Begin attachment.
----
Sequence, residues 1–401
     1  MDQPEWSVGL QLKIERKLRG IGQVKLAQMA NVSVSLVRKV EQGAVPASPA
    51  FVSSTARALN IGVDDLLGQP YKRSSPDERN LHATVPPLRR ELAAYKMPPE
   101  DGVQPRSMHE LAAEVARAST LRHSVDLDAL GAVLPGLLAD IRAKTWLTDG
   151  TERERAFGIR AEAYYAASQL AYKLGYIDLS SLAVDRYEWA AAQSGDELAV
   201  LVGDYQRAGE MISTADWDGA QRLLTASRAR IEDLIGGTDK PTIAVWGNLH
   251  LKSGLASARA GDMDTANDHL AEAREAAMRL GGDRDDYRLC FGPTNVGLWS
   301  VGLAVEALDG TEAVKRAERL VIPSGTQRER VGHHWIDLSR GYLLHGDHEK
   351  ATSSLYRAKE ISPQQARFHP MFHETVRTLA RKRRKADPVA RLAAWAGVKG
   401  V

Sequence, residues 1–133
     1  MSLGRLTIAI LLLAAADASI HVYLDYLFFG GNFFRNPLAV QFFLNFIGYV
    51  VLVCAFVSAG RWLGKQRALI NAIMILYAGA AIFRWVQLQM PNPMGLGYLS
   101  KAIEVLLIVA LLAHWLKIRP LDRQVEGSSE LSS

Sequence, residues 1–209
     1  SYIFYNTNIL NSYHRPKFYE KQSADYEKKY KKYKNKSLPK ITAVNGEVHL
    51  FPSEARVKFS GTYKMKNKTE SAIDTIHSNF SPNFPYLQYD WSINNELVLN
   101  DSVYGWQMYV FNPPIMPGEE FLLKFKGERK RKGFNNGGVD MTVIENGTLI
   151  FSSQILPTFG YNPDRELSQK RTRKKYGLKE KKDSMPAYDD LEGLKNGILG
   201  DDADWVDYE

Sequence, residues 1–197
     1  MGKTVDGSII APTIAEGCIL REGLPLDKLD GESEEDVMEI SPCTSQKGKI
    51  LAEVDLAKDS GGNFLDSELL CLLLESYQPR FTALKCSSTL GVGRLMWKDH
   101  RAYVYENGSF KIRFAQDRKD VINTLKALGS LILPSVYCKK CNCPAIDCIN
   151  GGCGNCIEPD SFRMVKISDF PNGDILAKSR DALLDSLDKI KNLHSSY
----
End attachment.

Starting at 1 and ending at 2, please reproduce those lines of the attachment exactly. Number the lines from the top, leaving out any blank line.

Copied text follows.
Sequence, residues 1–401
     1  MDQPEWSVGL QLKIERKLRG IGQVKLAQMA NVSVSLVRKV EQGAVPASPA